• Keep all outdoor animal food in tightly sealed, rodent-proof bins. We like to use metal trash cans with tight-fitting lids for birdseed, chicken feed, and other outdoor animal food. Just to be safe, keep it away from buildings.
  • While we love compositing, it’s best to keep your compost heap a bit away from your home. A well-turned compost heap isn’t likely to attract rats and mice, but good maintenance and a good location helps make sure this doesn’t become a problem. Cover your compost bin where possible with a tight-fitting lid or a rodent-resistant mesh or net.
  • Likewise, keep your trash cans or garbage bins as far from your house as possible, and make sure to put them out for pickup regularly.
  • If you have a bird feeder, bring it inside or store itin a rodent-proof container with your birdseed at night when rats and mice are most active.
  • Finally, keep your home well-sealed. Rats and mice can squeeze through surprisingly small spaces, so make sure that gaps in your crawl space, attic, and around doors and windows are sealed tight.

These are good basic steps that we should all take to help eliminate rats and mice from our homes and gardens. While these steps do not guarantee that you’ll never have a rodent problem, they do a lot to help and will discourage rats and mice from moving in.

So, what do you do if you have a rat or mouse problem in your home and garden. Calling an exterminator or putting out rat and mice traps with lethal baits is one possibility. This will certainly decrease if not eliminate your rodent problem—however, some gardeners prefer a more natural approach. The good news is that you have some options. In addition to the steps above, there are some non-poison based steps you can take to eliminate a rodent infestation:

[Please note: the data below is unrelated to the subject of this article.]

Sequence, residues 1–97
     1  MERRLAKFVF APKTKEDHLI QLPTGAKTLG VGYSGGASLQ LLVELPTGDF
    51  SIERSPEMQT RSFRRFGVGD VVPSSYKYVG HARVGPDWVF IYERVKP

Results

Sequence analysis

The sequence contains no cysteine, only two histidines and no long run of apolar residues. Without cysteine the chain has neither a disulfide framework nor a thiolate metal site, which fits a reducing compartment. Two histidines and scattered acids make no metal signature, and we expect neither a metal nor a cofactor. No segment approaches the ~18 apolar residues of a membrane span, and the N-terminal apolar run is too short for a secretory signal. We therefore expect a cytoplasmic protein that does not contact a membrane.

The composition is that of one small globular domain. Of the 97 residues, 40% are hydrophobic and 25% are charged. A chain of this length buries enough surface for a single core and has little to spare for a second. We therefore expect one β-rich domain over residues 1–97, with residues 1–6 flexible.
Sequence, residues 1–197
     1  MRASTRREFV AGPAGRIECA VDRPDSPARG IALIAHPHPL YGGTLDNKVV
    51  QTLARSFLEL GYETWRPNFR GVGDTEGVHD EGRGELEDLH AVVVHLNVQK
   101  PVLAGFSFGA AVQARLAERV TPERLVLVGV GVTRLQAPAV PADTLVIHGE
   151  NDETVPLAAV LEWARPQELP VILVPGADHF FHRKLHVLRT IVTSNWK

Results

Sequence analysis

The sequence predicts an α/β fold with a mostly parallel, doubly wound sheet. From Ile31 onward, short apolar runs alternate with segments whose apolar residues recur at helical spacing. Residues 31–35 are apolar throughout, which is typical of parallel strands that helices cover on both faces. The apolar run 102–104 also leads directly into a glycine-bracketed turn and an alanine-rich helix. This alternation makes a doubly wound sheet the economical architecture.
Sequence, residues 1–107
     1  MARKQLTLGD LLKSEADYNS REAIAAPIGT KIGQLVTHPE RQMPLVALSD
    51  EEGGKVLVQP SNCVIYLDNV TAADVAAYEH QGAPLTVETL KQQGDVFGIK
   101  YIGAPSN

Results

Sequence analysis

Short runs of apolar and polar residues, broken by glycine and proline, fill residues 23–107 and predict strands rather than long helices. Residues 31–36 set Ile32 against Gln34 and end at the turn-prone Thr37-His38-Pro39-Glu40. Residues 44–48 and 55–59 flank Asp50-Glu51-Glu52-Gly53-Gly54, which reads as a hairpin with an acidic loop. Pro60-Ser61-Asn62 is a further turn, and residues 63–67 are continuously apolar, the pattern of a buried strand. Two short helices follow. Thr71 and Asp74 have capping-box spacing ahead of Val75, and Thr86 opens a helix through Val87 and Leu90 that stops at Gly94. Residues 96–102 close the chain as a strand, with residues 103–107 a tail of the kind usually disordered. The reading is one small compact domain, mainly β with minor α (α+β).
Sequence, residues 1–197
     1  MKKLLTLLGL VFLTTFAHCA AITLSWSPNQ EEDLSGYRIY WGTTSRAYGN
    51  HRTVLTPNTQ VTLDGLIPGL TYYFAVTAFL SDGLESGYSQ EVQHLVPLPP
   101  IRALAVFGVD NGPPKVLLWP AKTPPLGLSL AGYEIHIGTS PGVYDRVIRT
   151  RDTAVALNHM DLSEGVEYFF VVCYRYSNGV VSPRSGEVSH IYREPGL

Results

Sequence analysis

• Some plants actively repel mice and rats due to their strong smells that these rodents try to avoid. Onions and garlic are good options, as are pennyroyal, artemisias, crown imperial, and peppermint. By planting these throughout your vegetable garden—careful to keep the non-edibles distinct from your veggie plants—and around the perimeter of your home, you can help keep rodents away. We like planting peppermint near the house due to its lovely smell and useful nature.
  • An old fashioned solution for rodents, outdoor cats can help a great deal. Many cats love to hunt rodents, and even the scent of a cat in and around your house can scare rats and mice away. If you live in an area with feral or stray cats, putting out some food to attract them to your yard might be an option and who knows—you might end up adopting a new furry friend.
  • There are some natural sprays that can repel rats and mice. You can buy them at many garden stores or home improvement places, or make your own. They’re generally based on either ammonia or peppermint essential oils and when sprayed around the house regularly they can help keep pests away. A simple 50/50 mix of white vinegar and ammonia or a few teaspoons of peppermint oil in a cup of rubbing alcohol is a good DIY start. Spray around the perimeter of your home, around your trash cans and compost heaps, or anywhere else rodents may gather.

You may see ultrasonic devices intended to repel rodents. They plug into a wall socket and emit a high-pitched noise that humans can’t hear but irritates rats and mice. The issue with these is that they also irritate other animals that you may want in your garden, like birds, your pets, the neighbors’ pets, and the like. Thus, we really don’t recommend them for outdoor use, so please try something else first.

Rats and mice in the garden aren’t a pleasant topic, but it’s a problem that many gardeners deal with from time to time. We hope this helps you address the issue and find the right solutions for you. If you have an idea or technique we missed, please let us know. We love to hear from you!